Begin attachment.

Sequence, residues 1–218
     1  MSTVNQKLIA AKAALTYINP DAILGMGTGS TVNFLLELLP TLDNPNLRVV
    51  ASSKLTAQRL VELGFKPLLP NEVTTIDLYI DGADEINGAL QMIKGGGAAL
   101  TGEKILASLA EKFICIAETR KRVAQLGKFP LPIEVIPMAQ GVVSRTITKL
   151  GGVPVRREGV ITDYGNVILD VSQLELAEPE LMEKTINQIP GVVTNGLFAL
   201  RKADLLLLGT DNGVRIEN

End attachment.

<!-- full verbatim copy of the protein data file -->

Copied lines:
Sequence, residues 1–218
     1  MSTVNQKLIA AKAALTYINP DAILGMGTGS TVNFLLELLP TLDNPNLRVV
    51  ASSKLTAQRL VELGFKPLLP NEVTTIDLYI DGADEINGAL QMIKGGGAAL
   101  TGEKILASLA EKFICIAETR KRVAQLGKFP LPIEVIPMAQ GVVSRTITKL
   151  GGVPVRREGV ITDYGNVILD VSQLELAEPE LMEKTINQIP GVVTNGLFAL
   201  RKADLLLLGT DNGVRIEN